Zambian Elections: Fake and unstable democracyThe just ended elections in our homeland point to highly worrisome developments with far reaching consequences. Zambia will never be the same after these elections.

The first worrisome development is the increasing level of state sponsored violence and arbitrary actions. This narrowed down the democratic space for opposition political parties and their supporters long before the official campaign period was announced.

The PF government had gone on rampage and did everything possible to ensure that the voices of the opposition political parties were silenced. There were no “holy cows” during this pillage of the country’s moral consciousness.

Law enforcement agencies, intelligence services, national defense wings, the civil service, sections of the church and traditional authorities were all co-opted in legitimizing or at least tolerating massive acts of violence by the PF government.

People were killed, mutilated, women raped and verbal abuse was everywhere during this process. The scale and impunity of this violence was historical. The fact that the perpetrators of this violence ended up winning provides a huge incentive for more, systematic state sponsored violence from now on. The vote for the PF government therefore legitimizes an immoral political behavior that will continue to haunt us for years to come.

The second negative development has to do with the fact that the contest was not decided on the merit of candidates and their visions for our homeland. The critical issues such as macroeconomic stability, securing uninterrupted power supply, hunger and food sovereignty, job creation, gender inequity, poor education and health services, pervasive injustice and violence did not play a role in shaping the voting decisions. Most Zambians had made up their minds who to vote for long before the campaign period started. It did not take rocket science to know that Southern, Western, North Western provinces would primarily vote for HH and the UPND whereas Eastern, Muchinga, Northern, Luapula and  Copperbelt would go for Edgar Lungu and the PF. The questions was just “by how much margin?” This regional block-voting pattern makes a mockery of our Zambian democracy. Issue-based politics has no space in this type of voting.

In a way, regional block voting is very convenient for the country’s petty bourgeois political elite. It subtly masks the class, exploitative and oppressive nature of the ruling class. Ethnicity and regionalism gives this ruling class an identity and a link to the toiling masses. For the Zambian masses, ethnicity and regionalism as applied to electoral politics will continue to serve as a yoke that enslaves them in perpetuity.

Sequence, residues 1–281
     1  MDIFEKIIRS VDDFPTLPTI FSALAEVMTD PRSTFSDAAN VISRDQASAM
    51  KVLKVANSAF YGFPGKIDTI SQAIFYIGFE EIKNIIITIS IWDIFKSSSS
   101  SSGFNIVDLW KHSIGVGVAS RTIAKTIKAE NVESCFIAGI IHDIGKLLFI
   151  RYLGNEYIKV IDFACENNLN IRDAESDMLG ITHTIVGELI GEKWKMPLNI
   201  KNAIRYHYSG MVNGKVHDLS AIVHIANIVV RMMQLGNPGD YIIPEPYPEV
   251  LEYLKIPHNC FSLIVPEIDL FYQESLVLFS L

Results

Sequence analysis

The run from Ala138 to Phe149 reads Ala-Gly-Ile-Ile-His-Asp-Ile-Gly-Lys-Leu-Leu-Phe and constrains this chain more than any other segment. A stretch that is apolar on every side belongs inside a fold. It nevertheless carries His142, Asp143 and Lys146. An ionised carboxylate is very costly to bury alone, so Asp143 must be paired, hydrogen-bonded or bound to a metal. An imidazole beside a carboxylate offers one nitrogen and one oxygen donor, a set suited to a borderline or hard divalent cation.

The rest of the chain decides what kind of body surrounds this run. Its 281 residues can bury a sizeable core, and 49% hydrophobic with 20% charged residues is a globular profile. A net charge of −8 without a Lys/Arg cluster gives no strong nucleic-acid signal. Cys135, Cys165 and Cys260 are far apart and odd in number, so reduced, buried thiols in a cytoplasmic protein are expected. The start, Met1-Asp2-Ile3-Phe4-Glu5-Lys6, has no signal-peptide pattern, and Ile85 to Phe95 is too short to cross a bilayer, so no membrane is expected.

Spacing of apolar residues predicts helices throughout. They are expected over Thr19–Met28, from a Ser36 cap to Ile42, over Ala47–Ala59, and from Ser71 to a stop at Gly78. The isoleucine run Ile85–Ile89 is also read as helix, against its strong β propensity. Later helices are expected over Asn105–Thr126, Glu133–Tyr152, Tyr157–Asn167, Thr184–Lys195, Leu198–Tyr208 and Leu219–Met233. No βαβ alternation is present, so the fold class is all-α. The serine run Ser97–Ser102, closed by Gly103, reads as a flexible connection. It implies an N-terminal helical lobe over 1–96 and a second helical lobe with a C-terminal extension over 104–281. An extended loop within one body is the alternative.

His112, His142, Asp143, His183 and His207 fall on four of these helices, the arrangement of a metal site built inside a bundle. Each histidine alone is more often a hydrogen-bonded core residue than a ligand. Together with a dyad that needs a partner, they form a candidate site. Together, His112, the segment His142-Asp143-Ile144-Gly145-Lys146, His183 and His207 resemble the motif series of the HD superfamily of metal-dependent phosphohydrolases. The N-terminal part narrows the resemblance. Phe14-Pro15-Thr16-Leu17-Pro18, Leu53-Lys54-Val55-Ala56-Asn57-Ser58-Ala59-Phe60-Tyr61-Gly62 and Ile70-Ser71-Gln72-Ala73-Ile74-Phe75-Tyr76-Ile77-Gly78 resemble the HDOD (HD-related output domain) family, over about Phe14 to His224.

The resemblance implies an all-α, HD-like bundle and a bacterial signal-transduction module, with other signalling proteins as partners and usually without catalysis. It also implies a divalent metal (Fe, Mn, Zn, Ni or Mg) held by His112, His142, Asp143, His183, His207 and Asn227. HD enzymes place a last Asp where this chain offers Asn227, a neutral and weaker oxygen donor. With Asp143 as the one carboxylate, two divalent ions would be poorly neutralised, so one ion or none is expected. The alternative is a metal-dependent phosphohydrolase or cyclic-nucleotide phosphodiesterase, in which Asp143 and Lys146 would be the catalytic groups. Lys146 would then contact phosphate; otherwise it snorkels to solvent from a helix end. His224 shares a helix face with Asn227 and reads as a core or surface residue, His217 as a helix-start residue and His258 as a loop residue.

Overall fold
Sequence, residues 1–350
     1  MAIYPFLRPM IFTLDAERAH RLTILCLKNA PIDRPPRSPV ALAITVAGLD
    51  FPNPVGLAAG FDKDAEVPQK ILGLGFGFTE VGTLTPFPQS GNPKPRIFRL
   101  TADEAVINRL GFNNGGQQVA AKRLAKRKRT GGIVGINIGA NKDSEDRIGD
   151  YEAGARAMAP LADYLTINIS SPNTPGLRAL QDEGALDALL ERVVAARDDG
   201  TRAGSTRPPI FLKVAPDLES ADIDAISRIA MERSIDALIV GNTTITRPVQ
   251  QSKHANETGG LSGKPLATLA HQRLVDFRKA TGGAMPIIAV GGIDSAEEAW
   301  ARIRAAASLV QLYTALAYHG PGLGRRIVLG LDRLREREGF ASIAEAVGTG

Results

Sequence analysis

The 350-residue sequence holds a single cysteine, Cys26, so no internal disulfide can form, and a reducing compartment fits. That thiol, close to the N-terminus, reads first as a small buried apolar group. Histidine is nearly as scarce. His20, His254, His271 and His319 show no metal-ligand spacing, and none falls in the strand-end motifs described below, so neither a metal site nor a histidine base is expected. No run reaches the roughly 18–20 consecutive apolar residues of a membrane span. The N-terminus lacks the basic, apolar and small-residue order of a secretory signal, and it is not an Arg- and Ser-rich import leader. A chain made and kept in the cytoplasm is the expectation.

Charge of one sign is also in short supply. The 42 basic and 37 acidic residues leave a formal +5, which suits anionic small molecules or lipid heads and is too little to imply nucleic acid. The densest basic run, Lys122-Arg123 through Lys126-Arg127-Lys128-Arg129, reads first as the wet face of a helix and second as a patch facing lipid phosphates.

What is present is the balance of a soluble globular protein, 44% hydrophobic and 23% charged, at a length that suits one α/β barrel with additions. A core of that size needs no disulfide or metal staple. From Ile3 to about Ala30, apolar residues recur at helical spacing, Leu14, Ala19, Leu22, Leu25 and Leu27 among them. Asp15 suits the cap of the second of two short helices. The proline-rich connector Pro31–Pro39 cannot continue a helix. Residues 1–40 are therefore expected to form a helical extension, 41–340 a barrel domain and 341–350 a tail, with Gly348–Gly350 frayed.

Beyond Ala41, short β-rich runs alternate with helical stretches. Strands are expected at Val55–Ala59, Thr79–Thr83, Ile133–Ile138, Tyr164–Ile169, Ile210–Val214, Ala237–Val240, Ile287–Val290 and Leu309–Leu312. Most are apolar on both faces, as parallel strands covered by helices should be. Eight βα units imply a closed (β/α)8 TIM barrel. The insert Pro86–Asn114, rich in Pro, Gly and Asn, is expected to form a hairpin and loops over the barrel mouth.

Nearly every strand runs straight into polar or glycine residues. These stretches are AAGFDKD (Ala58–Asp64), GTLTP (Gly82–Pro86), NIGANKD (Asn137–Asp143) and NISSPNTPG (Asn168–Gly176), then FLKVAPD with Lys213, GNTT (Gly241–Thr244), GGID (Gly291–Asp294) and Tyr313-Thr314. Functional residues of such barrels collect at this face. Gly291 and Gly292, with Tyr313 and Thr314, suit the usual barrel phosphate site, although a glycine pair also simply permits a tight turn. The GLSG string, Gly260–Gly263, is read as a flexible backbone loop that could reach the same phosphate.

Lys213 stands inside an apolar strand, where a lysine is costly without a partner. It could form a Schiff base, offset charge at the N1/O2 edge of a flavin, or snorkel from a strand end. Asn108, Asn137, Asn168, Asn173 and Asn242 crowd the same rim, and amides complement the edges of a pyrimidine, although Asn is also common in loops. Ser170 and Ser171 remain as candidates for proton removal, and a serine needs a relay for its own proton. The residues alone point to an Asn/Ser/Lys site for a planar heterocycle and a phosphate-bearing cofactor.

The third issue is institutionalized vote buying. For an impoverished country like ours, the amounts spent on buying voters with cash, chitenge materials, T-shirts, alcohol, soap, salt, maize meal, and all sorts of items are perplexing. Even in areas where politicians are assured of block voting in their favour, what is now termed as “vote consolidation” is still rampant. Our political elite has over the years commercialized the voting process. In so doing, a good proportion of the voters have also been corrupted. People attend campaign meetings to eat food, drink, merry and receive gratifications from the politicians. There are many areas of this country today where an election campaign meeting is impossible without significant cash and material items exchanging hands. We find ourselves in a sick, fake and unstable democracy.

Last but not least, the entire electoral process has been discredited. The circus surrounding the constitutional electoral clauses, the filling in of nominations, misplaced conflict resolution attempts, the vote counting and aggregation, the attempted hacking into the IT system at Mulungushi Conference Centre, as well as the confusion with the announcement of results have all combined to leave permanent scars on our conscience. Like with many aspects of our Zambian lives, we thrive on confusion, mediocrity and lawlessness. It is a painful and bitter reality.

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